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November 06, 2016

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Travel baby gear & what you really need

Traveling with a baby can seem daunting.  Will the baby cry on the redeye?  What about getting sick in a foreign country?  While some things are not fully in your control, you can at least be prepared by packing the right gear.

And, as it turns out, you don't need half the stuff you think you do. Packing up and moving along every few days is way easier with less stuff.    

We took our 3 week old baby from Oregon to New England, where we traveled around for a while.  When he turned 9 weeks old, we left for Europe and traveled for a month.  If we can do 8 countries, 86 restaurants, 5 flights, and over 35 different beds in just 2.5 months, so can you!  This list is not mean to be exhaustive or final, just a guide.  In the end, you know your baby best.  

For our full packing list scroll to the bottom of this article.

A car seat bag is an awkward piece of luggage that is no fun to carry anywhere.  It is meant to take your carseat and base and airlines will check it for free.  Turns out, they'll also let you fill it with "baby gear" - anything and everything related to the baby.  So, pretty much just fill it with as much as you think you can get away with.  

 

 

CAR SEAT

Do not travel without one unless you are sure you won't take a taxi or rent a car.  You can get away without one for buses, trains, and planes, but most taxi drivers won't even let you in without a car seat.  

BABY CARRIER

If you want to do any hiking or city walking, a sturdy carrier is worth the weight and bulk.  It's also perfect on long haul flights.   Many streets can be too bumpy and irregular for a stroller, and in the mountains on trails you are much more nimble without a stroller.  

 

CLOTHING

This is a personal choice, but if you overpack one thing, this should be it.  Baby onsies are small & they take up very little space.  Given how much babies spit up (or worse), having a stash is not a bad idea.  Also, babies grow fast, so have multiple sizes. If traveling to various climates, have an array of outfits from summer lightweight to wintery fleeces.

DIAPERS

We recommend a mix of disposables and cloth reusables.  The disposables are great for changing on the plane, the trail, at a restaurant.  But in general the cloth reusables are more absorbent and nice for nighttime.  Easy to clean if baby is exclusively on breast milk.  We brought only 5 reusables for 2.5 months, and then purchased disposables 1 packet at a time as we traveled.  

 

SWADDLES & BLANKETS

Swaddles are typically used to wrap your newborn tightly for sleep, to keep them cozy, but they can make excellent travel blankets.  Being lightweight, they are good for covering your baby in public (no strangers need to be touching!), laying on a bench or public changing table, keeping the sun or breeze off.  

We recommend traveling with 1 blanket for your baby - you never know when you'll need it, for padding, warm, or making a baby nest if a hotel crib is not available.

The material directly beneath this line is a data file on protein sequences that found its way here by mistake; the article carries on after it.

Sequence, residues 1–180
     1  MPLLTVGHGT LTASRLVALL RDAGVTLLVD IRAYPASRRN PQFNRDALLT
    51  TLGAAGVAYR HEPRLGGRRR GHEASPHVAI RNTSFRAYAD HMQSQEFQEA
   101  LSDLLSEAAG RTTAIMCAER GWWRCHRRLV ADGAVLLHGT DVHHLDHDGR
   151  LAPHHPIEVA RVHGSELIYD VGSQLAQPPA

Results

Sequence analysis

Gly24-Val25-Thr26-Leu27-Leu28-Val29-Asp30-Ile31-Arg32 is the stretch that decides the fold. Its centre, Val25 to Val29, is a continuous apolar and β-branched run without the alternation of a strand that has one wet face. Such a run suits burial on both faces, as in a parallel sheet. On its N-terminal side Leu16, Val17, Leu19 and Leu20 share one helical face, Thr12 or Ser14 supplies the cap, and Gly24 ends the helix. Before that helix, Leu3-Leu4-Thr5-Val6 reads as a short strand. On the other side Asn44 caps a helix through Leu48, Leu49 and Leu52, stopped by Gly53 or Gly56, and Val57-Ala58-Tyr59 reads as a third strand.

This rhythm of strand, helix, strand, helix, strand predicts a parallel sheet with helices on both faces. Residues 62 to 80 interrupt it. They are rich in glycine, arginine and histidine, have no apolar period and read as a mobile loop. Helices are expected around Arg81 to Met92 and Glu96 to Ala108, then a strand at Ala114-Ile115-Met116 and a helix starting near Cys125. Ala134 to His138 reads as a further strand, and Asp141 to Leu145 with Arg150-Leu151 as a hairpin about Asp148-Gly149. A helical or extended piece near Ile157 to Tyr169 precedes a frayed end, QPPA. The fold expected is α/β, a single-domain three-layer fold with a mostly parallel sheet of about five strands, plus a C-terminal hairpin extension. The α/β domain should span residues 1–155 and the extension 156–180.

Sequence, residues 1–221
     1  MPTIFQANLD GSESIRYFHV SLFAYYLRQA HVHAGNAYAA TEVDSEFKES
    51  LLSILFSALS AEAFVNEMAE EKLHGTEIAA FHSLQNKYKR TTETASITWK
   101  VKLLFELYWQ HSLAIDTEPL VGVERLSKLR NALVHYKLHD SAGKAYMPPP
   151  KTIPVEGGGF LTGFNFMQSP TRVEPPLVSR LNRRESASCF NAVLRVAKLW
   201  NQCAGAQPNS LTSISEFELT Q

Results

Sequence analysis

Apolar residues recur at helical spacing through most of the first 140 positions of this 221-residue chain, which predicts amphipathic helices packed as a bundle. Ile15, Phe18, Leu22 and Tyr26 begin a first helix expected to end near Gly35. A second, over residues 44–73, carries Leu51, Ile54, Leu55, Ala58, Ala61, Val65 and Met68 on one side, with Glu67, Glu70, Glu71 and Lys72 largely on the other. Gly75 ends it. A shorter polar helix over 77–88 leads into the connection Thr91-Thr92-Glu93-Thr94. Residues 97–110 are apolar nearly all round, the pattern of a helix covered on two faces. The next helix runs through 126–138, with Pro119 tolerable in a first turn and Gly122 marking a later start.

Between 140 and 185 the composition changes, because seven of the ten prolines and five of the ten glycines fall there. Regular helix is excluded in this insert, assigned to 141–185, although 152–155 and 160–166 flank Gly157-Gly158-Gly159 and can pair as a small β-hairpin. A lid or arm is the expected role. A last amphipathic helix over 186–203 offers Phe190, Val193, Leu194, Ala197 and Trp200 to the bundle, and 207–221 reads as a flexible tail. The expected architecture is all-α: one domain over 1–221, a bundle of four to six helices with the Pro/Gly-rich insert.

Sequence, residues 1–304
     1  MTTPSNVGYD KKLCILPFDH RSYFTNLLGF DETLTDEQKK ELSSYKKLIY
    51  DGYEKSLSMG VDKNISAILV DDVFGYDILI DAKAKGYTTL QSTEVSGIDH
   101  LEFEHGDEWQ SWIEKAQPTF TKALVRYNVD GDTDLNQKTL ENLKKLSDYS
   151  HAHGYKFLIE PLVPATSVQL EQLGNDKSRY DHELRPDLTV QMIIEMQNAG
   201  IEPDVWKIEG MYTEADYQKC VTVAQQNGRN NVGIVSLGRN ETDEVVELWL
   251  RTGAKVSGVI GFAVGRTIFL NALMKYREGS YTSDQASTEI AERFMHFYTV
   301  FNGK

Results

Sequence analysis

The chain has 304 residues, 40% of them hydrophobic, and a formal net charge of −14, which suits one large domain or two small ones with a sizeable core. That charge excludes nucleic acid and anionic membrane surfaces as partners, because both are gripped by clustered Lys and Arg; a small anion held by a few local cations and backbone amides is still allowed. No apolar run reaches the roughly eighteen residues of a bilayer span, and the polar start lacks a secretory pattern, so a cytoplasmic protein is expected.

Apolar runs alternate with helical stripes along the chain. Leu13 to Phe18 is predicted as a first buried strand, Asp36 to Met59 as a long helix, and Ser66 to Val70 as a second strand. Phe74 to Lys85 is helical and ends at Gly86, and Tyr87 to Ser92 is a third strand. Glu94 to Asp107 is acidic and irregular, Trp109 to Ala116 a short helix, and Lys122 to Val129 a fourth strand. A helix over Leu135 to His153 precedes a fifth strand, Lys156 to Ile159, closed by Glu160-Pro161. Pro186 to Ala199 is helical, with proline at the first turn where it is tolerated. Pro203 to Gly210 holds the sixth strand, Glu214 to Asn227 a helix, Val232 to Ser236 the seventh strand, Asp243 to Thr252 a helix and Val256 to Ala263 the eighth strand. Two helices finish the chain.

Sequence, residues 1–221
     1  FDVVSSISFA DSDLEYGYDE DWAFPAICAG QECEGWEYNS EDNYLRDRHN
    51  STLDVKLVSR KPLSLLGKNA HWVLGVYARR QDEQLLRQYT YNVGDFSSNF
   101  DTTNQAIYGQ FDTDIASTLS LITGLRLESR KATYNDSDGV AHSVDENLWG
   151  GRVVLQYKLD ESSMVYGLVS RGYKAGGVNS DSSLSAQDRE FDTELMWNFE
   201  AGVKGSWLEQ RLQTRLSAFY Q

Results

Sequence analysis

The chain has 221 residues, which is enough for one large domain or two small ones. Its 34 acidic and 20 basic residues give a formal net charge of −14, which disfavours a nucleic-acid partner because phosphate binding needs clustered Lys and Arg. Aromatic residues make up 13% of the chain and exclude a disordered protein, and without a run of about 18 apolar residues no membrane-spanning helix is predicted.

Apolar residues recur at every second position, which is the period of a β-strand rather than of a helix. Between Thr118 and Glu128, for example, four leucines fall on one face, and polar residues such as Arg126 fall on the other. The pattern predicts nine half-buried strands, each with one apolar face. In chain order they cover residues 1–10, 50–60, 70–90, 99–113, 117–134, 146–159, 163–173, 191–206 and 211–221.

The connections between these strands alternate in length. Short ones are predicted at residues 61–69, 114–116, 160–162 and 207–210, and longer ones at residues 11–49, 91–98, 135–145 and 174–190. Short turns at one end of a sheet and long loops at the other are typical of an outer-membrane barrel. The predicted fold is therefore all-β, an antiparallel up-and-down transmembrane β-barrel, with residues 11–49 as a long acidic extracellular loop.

MEDICINES AND MISC

Regardless of where you are traveling to, there are a few essential we recommend:

Children's tylenol - can keep a fever down as well as help with pain
Aspirator - this is an essential item to clear a clogged nose in case of cold, or throw-up that may get stuck in the baby's throat
Nail clippers - it is incredible how fast those little nails grow, so don't leave at home
Diaper rash cream - always a good idea
Pacifier - If you use one, don't forget to bring it, and a couple spares
Sunhat - they pack small and keep the sun off
Warm hat - again, they pack small.  

KEEP IT ALL ORGANIZED

You can choose to pack your baby's gear however you may like, but our 30L SegSac was a great choice for us - we were able to easily get whatever we needed, when we needed it.  We put diapers in 1 segment, then onsies in another, swaddles in the next, and leftovers (sunhat, warm hat, medicines) in the last one.   

 

BREASTFEEDING

If you are breastfeeding, don't forget your pump.  You'll probably need it.  Use a scarf to cover yourself if you feed in public, because, as it turns out, traveling means you'll be out and about seeing the sights, you may not always get back to the hotel to feed.  Bring a cooler to keep milk cold when transferring between hotels and on flights.  Don't forget your bottles with nipple-tops too. 

  

Our Full Baby Gear Packing List for 1 month in Europe:
Baby Bruce was 10-14 weeks old.  
Visited: Portugal, France, Italy, Austria, Switzerland
Transportation: 5 flights, 4 weeks of car rental, several trains, a few chair lifts

1 car seat
1 Ergo carrier
1 Segsac
10 onsies
5 BumGenius Freetimes
3 swaddles
1 Fleece blanket
1 cashmere baby blanket
1 sunhat
1 warm hat
1 quadrapus, 1 back-up pacifier
1 nail clippers
1 tylenol
1 Puracy baby wash
1 breast pump
8 AA batteries for the pump
4 glass milk bottles
1 mini-cooler
1 vitamin D drops
1 home-made diaper rash cream


Good luck on your next travels! 

October 19, 2016

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The best FREE camping across the USA

The internet is a great thing - and it's full info on where you can camp for free - all across the 50 states.  If you love unplugging, sleeping under the stars, and saving a buck, read on! 

National Forests, National Grasslands, and BLM Lands

If you are feeling adventurous, just head out to BLM land or National Forests & Grasslands.